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Shelters Overloaded with Cats

STROUD TOWNSHIP — Animal shelters in the Poconos are overloaded with cats after more than 70 were rescued from a home in Monroe County and this isn’...

STROUD TOWNSHIP -- Animal shelters in the Poconos are overloaded with cats after more than 70 were rescued from a home in Monroe County and this isn't the first time the homeowner has hoarded felines.

The organizations are now looking for community help with donations to keep up with the amount of care each cat needs.

Crews removed 77 cats from that home near Henryville last week.

The woman who owns the home found herself in a similar situation back in 2015 when more than 100 cats were rescued.

The cats removed this time had to be split up between three different shelters in the Poconos and each organization is looking for help.

Cats and kittens inside crates at AWSOM Animal Shelter near Stroudsburg don't know how lucky they are.

More than 70 were rescued last week from a home in Paradise Township by the ASPCA and local animal shelters. More than 20 are at AWSOM.

"It was awful," said shelter manager Kim Fish. "It was extremely difficult, between Lisa and I, we were going in with masks, gloves, goodness we had booties on our feet."

The home belongs to Holly Ingram. This isn't the first time the woman from Monroe County found herself in a cat-hoarding situation.

In August of 2015, 122 cats were taken from her home. Shelter managers cannot believe it's happened again.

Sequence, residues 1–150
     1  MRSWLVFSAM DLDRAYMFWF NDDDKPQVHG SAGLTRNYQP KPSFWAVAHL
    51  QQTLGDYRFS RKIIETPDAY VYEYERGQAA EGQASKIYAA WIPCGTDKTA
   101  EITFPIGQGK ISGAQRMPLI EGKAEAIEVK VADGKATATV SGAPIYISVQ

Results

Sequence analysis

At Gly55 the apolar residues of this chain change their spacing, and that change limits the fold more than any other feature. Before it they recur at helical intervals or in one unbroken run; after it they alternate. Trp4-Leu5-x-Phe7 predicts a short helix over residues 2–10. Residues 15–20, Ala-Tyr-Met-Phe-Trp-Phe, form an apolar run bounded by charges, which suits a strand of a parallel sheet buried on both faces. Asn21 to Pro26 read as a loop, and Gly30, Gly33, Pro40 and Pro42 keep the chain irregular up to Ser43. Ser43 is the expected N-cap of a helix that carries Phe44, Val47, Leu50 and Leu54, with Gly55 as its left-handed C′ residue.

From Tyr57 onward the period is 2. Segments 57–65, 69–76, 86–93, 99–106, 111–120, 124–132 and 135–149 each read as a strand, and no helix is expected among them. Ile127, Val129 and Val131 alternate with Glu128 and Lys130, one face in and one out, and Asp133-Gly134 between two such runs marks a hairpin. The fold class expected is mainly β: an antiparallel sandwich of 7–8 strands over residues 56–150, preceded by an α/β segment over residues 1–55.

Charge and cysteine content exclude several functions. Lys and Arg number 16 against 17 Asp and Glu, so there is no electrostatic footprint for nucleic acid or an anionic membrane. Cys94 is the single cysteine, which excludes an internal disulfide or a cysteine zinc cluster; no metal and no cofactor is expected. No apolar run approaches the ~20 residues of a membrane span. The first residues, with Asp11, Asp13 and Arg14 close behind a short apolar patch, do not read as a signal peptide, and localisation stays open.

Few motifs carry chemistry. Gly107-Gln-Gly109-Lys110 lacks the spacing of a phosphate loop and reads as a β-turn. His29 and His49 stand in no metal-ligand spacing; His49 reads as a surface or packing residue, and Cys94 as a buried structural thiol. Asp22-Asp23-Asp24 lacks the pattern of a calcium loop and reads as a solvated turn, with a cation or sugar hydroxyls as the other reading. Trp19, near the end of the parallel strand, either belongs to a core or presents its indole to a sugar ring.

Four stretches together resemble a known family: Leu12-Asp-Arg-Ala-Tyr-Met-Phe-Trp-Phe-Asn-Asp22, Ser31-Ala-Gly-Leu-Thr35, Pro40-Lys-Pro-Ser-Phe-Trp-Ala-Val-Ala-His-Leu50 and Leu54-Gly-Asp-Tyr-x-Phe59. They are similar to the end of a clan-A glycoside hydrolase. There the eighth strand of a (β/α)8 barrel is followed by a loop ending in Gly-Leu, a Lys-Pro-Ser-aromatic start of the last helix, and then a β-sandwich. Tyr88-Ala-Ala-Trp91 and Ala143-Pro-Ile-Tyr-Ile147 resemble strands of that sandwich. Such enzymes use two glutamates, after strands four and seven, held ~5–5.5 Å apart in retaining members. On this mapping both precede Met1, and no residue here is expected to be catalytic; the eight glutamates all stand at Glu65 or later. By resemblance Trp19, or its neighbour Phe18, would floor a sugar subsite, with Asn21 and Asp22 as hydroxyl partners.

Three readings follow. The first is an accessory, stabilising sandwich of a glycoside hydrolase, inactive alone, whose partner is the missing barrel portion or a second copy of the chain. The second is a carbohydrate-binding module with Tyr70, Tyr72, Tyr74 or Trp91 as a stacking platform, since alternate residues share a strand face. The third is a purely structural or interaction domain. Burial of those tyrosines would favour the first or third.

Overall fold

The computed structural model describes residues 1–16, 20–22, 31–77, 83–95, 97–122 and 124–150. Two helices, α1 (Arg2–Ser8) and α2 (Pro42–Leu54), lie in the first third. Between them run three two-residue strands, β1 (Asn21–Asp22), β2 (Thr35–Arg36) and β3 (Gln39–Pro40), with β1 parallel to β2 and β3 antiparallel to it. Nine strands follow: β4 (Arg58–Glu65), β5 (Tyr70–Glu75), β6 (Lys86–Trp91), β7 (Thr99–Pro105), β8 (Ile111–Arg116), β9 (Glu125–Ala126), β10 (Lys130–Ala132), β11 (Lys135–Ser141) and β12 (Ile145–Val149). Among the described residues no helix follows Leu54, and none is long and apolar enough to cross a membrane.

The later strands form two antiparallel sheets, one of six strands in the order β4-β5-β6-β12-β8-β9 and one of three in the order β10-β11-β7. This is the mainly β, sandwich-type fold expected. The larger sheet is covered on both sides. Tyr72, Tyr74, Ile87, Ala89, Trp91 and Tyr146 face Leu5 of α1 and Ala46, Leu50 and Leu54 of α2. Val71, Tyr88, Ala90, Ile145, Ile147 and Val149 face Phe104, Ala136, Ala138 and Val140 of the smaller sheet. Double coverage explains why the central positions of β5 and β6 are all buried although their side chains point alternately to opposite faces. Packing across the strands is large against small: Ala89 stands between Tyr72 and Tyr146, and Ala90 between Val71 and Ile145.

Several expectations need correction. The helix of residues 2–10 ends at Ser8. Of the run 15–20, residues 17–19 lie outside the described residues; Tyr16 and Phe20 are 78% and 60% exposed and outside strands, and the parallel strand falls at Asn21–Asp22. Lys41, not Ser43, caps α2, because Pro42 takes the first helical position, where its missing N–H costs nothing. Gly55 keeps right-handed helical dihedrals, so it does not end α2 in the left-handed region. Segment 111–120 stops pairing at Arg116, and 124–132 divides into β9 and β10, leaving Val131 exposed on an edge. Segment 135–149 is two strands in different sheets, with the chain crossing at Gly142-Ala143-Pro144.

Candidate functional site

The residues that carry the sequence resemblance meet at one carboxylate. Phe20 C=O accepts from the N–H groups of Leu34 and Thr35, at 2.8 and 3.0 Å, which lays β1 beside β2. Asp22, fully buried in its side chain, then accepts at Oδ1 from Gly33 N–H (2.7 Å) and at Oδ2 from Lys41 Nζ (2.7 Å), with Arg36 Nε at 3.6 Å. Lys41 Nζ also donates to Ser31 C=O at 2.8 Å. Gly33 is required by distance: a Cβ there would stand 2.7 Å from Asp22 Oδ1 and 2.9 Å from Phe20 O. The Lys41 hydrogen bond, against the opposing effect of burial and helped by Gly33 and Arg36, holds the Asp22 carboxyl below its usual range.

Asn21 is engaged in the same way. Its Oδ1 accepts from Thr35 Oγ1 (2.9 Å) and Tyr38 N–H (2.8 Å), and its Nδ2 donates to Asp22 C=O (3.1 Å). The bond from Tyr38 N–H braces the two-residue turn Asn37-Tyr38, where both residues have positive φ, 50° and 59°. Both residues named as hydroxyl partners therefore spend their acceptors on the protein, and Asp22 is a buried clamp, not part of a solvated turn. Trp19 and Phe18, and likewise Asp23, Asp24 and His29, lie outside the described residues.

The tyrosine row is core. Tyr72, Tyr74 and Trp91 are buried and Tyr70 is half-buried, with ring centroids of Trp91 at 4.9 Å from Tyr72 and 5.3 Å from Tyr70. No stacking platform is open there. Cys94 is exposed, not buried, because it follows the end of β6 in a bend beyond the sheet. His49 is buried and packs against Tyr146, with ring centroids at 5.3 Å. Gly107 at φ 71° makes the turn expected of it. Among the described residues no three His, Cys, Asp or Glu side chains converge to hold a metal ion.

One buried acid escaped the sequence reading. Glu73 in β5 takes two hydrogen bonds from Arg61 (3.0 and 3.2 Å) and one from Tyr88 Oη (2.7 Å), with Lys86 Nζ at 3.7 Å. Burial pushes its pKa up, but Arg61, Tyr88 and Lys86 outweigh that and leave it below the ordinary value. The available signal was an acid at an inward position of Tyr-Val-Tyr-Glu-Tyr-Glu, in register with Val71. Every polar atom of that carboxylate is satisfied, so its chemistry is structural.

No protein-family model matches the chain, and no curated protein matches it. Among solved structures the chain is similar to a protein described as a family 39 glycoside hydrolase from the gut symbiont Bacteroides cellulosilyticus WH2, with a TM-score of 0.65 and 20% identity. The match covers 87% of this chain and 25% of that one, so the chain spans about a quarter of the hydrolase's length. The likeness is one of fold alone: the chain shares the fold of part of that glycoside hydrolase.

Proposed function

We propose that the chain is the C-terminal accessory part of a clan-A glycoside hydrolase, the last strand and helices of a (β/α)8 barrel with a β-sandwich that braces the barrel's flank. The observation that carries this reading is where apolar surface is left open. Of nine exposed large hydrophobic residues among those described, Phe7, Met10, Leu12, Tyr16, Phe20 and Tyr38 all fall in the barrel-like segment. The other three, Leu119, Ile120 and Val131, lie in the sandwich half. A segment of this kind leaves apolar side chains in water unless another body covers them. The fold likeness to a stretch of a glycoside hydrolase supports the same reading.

"She makes a habit of this which unfortunately it's an illness and our fear is that there were more cats there," said Fish.

More than 30 cats are also being housed at Camp Papillon Animal Shelter in Hamilton Township. More are on the way; six of the cats are pregnant.

"We are way past max capacity. We made our dog quarantine into a cat quarantine to accommodate," said Camp Papillon President Gerri Papillon.

Only a few of the cats that were rescued will be ready for adoption but for some of the kittens, it will take more time. That's why these animal shelters can use all the donations people can give.

Most of the cats are in OK shape, but each shelter can use help beyond food and litter.

"If anyone can get ahold of some Revolution, because they have ear mites really bad and it's the best way to get rid of their ear mites," Papillon said.

"Anyone willing to volunteer to help us clean would be fantastic. It is a lot of strain on our shelter with the limited resources that we have," Fish added.

Newswatch 16 stopped at the home of Hollie Ingram in Paradise Township but she was not there. There is no word on if any charges will be filed this time.

Both shelters are now taking adoption applications.